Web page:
Our driver was waiting for us upon arrival at Charles de Gaulle. He was a jovial, rotund man displaying a hospitality that, at times, I've found is not as immediate in this part of the world. As he helped lift my suitcase into the trunk, I took a moment to soak in the adventure I was about to embark on - spending a month exploring Europe with my father, recently diagnosed with stage IV cancer. We had already seen a good portion of the world together and while I hoped that we would see more in the years to come, there was a bittersweetness to everything. As written about before, you can't escape the "white noise" of a loved one's cancer diagnosis; it is omnipresent at every moment in every situation, reminding you of the fleeting time you have on this planet and the importance of holding value to love above all.
Seven hours previous, I was in my home and snow-blanketed native land which was experiencing one of the coldest winters on record. Now I was in Paris, France, sitting at an almost tropical by comparison 20 degrees celsius. Our driver expertly navigated traffic while singing along to Gloria Estefan's "Rhythm Is Gonna Get You" (his favourite song, I presumed, as it was on repeat during the hour-long ride). As we inched closer and closer to the Seine, I could barely contain my excitement pointing out every iconic bit of architecture to my dad. "There's Sacre Couer!", "There's the Opera House!", "There's the Eiffel Tower!!!". No matter how many times I see it, there's something about that last one that continues to hold me in awe. Perhaps because it symbolizes that I am in the world's greatest city, a source of inspiration and enlightenment for some of the greatest minds in history, and that I have every bit as much potential as those who were before me.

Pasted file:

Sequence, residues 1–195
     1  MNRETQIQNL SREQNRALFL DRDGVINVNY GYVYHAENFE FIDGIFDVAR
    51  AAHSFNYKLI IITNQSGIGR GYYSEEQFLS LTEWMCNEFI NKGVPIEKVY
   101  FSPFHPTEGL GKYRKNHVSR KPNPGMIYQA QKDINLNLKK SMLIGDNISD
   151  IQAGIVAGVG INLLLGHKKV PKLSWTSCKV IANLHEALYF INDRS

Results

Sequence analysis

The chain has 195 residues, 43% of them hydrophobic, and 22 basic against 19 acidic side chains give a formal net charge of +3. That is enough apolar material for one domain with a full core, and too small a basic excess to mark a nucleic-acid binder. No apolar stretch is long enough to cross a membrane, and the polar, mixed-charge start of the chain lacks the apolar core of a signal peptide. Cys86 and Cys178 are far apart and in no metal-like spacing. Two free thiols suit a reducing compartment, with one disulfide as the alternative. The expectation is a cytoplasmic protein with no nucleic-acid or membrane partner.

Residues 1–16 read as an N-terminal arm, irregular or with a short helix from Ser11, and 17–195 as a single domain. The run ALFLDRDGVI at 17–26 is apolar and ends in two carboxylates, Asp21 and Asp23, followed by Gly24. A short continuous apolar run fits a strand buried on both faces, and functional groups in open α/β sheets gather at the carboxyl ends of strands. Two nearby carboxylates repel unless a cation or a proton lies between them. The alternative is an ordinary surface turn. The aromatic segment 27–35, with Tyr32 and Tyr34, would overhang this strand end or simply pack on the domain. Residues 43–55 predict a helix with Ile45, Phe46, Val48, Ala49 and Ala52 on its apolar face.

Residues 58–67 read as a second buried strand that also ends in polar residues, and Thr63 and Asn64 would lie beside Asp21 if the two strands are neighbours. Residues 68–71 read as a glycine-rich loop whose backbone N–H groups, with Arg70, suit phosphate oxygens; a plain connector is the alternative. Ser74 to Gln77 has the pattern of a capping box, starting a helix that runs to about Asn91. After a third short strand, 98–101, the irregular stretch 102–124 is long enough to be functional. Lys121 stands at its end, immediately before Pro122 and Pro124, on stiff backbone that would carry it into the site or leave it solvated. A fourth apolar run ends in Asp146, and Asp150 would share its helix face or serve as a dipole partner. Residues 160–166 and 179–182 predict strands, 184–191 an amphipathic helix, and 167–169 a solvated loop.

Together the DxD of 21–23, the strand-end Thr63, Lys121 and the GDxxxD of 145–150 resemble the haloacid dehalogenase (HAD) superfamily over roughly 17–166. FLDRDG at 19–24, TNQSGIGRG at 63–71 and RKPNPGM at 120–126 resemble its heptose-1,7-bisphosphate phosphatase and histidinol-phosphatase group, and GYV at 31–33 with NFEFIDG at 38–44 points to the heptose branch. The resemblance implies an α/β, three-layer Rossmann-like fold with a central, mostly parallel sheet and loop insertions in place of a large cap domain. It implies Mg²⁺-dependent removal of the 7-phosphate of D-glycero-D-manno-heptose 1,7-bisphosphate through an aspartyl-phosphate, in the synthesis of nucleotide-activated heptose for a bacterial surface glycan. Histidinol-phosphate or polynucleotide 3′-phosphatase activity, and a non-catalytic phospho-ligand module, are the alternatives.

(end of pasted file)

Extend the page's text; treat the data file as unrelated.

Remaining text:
Our hotel was located in Montparnesse, a neighbourhood known throughout history as a place where creative-types would congregate. I booked it, intrigued for this reason (Man Ray called Suite 37 his home at one time). I'm also a Left-Bank girl at heart. After dropping off our stuff in Room 57 - and eating my first purchase, an authentic French baguette - my father required rest so I ventured out alone to the Musee d'Orsay to see the Gustave Doré exhibit. I've become obsessed over the past while with the intricate illustrations for which he is known and was awestruck to see more of his original output, including sculpture and painting. It was also interesting to read about how vilified he was from critics back in the day, who felt his work was amateurish and lacked substance. I left rejuvenated, inspired…and overwhelmed. I now wanted to paint, sculpt and do intricate pen-and-ink drawings in addition to everything else I am filling my time with. It's hard to be a renaissance (wo)man without focus though. I know myself enough to know I won't change. Reading random shit on the internet with whatever spare time I have may not be fulfilling nor legacy building, but it is entertaining and lord knows I need the schadenfreude distraction. So much for that potential...
I walked back to the hotel, getting purposely lost for a bit in the Latin District and then not so purposely by turning the wrong way down one of Paris' famous narrow, curved side streets. You'd think that the Eiffel Tower or some other high landmark is visible at all times but they are not. Paris' seduction is deeper. It wants you to stroll and admire less superficial things.